`energy' and `reproduce.' They are abstractions, models of operation,
and as such have nothing to do with the CNS at all, save that they
exist in the information constantly updated and supported by an
organism equipped with a CNS.

Theoretically, I could almost disect the memesphere of a planarian.
It would be highly mechanistic since most of the behaviour arises from
direct neural/instinctual activity and very little modeling is done by
the information organism of its environment or internal states. But
it could be done. I suppose even the memetic environment of something
as primordial as an amoeba could be sketched out, with the help of a
microbiologist. Most of its processing is not done by a NS, central
or non, at all, but by ionic transfer and chemical computation.
Still, as an abstraction, its space could be mapped.

> that /together/ give rise to desire and hence individual rutting. It is
> the interactions of the limbic system and 'memetic' system that evokes
> behaviour. In the beginnings of a memetically capable entity, there are

You're projecting your previously established model on discourse and
looking publically perplexed when people whose models differ from
yours are talking about things moving in directions that don't follow
from /your/ model.

I can't speak for any other, but in my model, the limbic system is
abstracted away as an injector of memes, a neurophysical,
millions-of-years-evolved built-in bootstrapper of
memes-likely-to-do-me-good. If I get a nose full of pheremones that
puts me in the mind of la petit morte, I get a sudden memecological
shift in which memes that lead to sexual satisfaction get massive
reinforcement, more `energy' (or sugar and spice, to mimic agent-based
economic models) is given to them by the memesphere because they're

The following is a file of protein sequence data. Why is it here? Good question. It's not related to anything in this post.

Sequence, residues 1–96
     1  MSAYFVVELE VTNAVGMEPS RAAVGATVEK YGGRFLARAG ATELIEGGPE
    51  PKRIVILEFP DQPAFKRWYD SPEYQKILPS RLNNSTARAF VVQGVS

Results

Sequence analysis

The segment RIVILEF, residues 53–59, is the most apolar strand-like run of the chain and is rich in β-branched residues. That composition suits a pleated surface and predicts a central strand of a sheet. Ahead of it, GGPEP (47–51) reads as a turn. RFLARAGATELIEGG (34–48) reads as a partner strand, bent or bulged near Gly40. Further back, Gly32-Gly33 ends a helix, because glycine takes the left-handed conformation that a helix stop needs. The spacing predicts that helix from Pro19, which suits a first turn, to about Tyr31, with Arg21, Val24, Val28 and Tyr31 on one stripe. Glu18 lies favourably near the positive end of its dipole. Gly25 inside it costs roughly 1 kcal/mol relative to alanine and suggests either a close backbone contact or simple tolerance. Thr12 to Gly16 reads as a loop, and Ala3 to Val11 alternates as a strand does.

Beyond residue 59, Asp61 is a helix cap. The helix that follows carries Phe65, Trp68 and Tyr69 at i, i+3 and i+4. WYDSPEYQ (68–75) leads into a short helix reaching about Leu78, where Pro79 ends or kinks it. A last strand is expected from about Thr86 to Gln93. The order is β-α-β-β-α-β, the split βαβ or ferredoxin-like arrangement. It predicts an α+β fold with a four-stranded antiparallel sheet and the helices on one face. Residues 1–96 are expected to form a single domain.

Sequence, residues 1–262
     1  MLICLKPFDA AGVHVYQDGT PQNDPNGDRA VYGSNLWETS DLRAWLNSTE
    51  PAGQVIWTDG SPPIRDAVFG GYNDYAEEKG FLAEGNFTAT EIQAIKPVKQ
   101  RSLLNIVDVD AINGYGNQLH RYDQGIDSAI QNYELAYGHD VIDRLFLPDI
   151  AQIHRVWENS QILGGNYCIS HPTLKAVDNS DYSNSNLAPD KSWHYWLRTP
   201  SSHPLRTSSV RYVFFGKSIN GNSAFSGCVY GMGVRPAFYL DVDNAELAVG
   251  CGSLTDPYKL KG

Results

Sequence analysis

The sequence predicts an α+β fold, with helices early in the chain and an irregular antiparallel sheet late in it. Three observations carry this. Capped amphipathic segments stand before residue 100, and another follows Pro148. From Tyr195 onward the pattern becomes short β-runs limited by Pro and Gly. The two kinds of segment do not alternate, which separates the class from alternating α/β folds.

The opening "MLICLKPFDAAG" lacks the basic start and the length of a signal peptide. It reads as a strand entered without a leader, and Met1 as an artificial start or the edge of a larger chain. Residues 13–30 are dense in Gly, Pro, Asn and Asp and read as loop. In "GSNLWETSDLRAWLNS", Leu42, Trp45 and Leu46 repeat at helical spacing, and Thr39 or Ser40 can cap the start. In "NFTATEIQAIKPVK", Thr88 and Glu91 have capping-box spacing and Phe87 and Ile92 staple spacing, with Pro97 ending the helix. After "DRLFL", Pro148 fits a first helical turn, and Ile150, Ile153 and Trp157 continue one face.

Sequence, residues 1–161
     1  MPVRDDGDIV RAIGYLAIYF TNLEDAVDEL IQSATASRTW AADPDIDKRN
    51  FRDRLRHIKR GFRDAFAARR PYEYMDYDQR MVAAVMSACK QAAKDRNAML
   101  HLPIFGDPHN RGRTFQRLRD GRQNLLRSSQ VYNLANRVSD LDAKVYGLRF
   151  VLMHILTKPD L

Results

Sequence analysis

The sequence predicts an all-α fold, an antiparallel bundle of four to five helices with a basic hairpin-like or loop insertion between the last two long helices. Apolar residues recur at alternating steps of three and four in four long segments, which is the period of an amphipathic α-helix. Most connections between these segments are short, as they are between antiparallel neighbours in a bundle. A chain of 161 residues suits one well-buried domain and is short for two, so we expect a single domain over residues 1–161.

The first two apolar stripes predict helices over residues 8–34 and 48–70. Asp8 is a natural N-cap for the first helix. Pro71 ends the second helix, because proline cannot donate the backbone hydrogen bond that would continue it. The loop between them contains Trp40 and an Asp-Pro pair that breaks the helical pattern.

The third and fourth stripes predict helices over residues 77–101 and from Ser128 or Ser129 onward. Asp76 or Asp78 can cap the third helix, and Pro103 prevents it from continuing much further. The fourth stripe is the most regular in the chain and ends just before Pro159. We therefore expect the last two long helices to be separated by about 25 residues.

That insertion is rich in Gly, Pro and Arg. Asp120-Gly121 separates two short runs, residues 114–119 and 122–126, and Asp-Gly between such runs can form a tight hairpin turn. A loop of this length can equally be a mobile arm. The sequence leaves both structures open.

being selected for. Because they're getting more energy, they
reproduce and mutate more times as well, my thoughts are likely to be
filled with thoughts of love.

Similarly, if I have a flourishing memecology in which lots of agents
are milling around that think touching hot objects is either neutral
or positive, and one gathers enough `energy' to activate and the
limbic/muscular/pain-axiom system kicks in and dumps lots of memes and
meme-energy into the memecology that selects /against/ those memes,
they're likely to die out or mutate into forms that are more likely to
reproduce, like `touching /warm/ objects is good' (which very well may
be true).

> in the limbic system. The hypothalamus does not host memetics, and the
> stimulation of receptors with dopamine is not a meme. Individual behaviour
> is the emergent property of limbic (motivator) and memetic (facilitator)
> /interaction/. I imagine it's the 'memesphere's' ability to make associations
> that made it valuable enough to the limbic system in getting what its
> host needed out of the environment, which led to selective pressures
> favoring more and more capable memespheres throughout human evolution.

You're being far too mechanistic in this entire line of thought.
Memes are not things you can point to and say `these are /here/ and
/here/ and they decide what you're going to wear today.' Its not that
cut and dried, its a far more information-centric view of the psyche.